John Wagg09/11/2019 20:04:35
9 forum posts
2 photos

Simon, I'm not sure about Life packs as to being able to trickle charge or fast charge properly.

With the NimH's I can trickle charge with some impunity and get reasonable safety margins for flying.

Always open to new ideas and education though.

Just returning to RC and I am more used to ni-cads as being the staple source back in the 70s,80s & 90s.

Steve J09/11/2019 20:38:01
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1577 forum posts
47 photos

Posted by Phil Green on 09/11/2019 19:09:00:

www.4cells-are-enough.com

+1

John Wagg09/11/2019 20:42:30
9 forum posts
2 photos
Posted by Steve J on 09/11/2019 20:38:01:

Posted by Phil Green on 09/11/2019 19:09:00:

www.4cells-are-enough.com

+1

Sorry but no "link" and done a search as well.

Thanks.

Steve J09/11/2019 20:43:38
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1577 forum posts
47 photos
Posted by John Wagg on 09/11/2019 18:37:55:

One is an old 500mA Ni-Cad and the other a poorly 800mA Ni-mH.

Take your packs down the recycling centre.

Buy a couple of 4 cell Eneloop 2000 packs or 2 cell LiFePO4 packs (the latter only if the rest of your gear will handle 7V).

If you don't already have one, buy a decent charger that will peak charge NiMH's and understands LiPo and LiFePO4 batteries.

Steve J09/11/2019 20:45:27
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1577 forum posts
47 photos
Posted by John Wagg on 09/11/2019 20:42:30:
Posted by Steve J on 09/11/2019 20:38:01:

Posted by Phil Green on 09/11/2019 19:09:00:

www.4cells-are-enough.com

+1

Sorry but no "link" and done a search as well.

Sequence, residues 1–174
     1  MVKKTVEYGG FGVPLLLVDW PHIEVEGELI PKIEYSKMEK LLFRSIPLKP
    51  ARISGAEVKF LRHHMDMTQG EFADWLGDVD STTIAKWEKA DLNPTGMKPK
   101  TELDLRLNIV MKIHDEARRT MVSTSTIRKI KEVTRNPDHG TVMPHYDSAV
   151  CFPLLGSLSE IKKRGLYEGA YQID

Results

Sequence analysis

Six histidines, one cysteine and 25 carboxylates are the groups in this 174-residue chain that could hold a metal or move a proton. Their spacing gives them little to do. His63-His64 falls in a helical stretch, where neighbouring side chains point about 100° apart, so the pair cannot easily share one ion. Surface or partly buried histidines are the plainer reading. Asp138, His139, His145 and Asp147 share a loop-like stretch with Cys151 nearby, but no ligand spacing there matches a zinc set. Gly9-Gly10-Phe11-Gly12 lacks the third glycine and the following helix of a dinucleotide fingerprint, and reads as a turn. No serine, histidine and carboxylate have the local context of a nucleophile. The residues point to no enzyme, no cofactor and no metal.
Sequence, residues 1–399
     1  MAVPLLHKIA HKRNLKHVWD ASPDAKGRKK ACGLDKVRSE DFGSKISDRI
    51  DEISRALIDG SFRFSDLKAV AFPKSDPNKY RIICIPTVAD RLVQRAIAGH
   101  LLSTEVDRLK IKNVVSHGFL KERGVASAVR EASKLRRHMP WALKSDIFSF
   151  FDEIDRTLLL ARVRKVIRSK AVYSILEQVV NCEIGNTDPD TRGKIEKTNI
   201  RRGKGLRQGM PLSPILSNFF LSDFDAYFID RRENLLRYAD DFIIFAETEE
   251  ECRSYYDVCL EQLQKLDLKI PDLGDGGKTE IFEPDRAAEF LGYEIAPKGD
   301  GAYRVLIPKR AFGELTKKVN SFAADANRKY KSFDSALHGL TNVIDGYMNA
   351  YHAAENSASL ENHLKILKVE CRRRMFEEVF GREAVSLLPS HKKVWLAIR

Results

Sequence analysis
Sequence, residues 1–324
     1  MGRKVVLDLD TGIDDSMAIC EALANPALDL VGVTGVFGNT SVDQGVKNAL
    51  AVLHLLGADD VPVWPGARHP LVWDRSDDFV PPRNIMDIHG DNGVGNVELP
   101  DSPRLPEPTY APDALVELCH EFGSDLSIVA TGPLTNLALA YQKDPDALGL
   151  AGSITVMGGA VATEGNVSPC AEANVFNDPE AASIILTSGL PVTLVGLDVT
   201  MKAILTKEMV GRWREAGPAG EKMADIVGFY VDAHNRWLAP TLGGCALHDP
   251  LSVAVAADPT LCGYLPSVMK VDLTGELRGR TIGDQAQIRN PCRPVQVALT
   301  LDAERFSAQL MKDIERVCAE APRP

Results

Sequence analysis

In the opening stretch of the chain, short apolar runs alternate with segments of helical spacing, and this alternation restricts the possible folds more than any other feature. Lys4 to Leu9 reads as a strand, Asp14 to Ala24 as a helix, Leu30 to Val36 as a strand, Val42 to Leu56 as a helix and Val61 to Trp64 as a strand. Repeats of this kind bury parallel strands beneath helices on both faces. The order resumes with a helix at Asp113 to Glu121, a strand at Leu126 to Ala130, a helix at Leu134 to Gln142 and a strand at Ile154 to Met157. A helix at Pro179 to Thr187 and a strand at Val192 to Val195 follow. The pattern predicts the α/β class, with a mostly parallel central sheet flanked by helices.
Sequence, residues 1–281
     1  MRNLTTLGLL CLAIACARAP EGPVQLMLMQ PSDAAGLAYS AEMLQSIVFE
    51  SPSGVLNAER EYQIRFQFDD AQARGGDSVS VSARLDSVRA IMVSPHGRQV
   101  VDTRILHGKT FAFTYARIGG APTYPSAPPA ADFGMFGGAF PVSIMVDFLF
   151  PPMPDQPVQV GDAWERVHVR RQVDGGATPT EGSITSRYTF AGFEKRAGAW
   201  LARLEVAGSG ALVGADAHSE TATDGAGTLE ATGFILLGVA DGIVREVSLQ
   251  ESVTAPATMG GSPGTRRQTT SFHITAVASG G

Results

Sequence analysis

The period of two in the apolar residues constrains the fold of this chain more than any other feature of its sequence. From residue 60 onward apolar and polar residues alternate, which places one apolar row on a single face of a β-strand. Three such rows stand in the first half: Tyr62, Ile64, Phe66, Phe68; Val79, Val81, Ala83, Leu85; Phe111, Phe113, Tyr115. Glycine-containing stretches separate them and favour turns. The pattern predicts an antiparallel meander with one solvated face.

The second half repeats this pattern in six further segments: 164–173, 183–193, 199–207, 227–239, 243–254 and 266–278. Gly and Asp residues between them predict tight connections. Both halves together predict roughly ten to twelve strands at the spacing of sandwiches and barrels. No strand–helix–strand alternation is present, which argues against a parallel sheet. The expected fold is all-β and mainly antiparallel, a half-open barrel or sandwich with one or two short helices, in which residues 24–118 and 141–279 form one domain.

www.4cells-are-enough.com is a joke.

Gary Manuel09/11/2019 21:02:09
avatar
1953 forum posts
1514 photos
Posted by Steve J on 09/11/2019 20:45:27:
Posted by John Wagg on 09/11/2019 20:42:30:
Posted by Steve J on 09/11/2019 20:38:01:

Posted by Phil Green on 09/11/2019 19:09:00:

www.4cells-are-enough.com

+1

Sorry but no "link" and done a search as well.

www.4cells-are-enough.com is a joke.

You're not kidding. Low on stock and outrageous prices.

John Wagg09/11/2019 21:05:45
9 forum posts
2 photos
Posted by Steve J on 09/11/2019 20:45:27:
Posted by John Wagg on 09/11/2019 20:42:30:
Posted by Steve J on 09/11/2019 20:38:01:

Posted by Phil Green on 09/11/2019 19:09:00:

www.4cells-are-enough.com

+1

Sorry but no "link" and done a search as well.

www.4cells-are-enough.com is a joke.

About the number I have left working LoL.

https://www.rcgroups.com/forums/showthread.php?2863122-A123-LiFe-performance-as-Receiver-Battery-Packs

Just reading through the above post and not convinced yet. Seems a bit over-complicated just for a couple of hours flying. My usual max' flying time would be a couple of hours slope soaring or I.C. power flying at the field.

Martin Harris10/11/2019 00:24:55
avatar
8883 forum posts
221 photos
Posted by John Wagg on 09/11/2019 19:07:15:

Noted Simon, Thanks.

The Ni-Cad is from about 1994 and the Ni-mH is fairly new but got cooked on a fast charge, Might use the Ni-mH but not the Ni-cad.

Currently (pun intended blush) the Ni-cad does over 2 hours but not done a full test on the Ni-mH yet.

Cheers

1994 NiCd giving in excess of 4/5 of its rated capacity? Bring back (good quality) NiCds...

I'd be happier using that battery (after a black wire corrosion check) than a new budget NiMH although I favour LiFe where my servos allow them.